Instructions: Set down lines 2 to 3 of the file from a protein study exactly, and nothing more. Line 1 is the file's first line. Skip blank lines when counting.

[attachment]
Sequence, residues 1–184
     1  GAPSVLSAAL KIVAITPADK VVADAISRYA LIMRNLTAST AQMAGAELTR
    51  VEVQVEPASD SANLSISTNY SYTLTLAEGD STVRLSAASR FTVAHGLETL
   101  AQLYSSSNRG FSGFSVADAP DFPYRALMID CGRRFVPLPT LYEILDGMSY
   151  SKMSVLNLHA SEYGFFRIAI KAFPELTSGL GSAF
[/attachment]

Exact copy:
     1  GAPSVLSAAL KIVAITPADK VVADAISRYA LIMRNLTAST AQMAGAELTR
    51  VEVQVEPASD SANLSISTNY SYTLTLAEGD STVRLSAASR FTVAHGLETL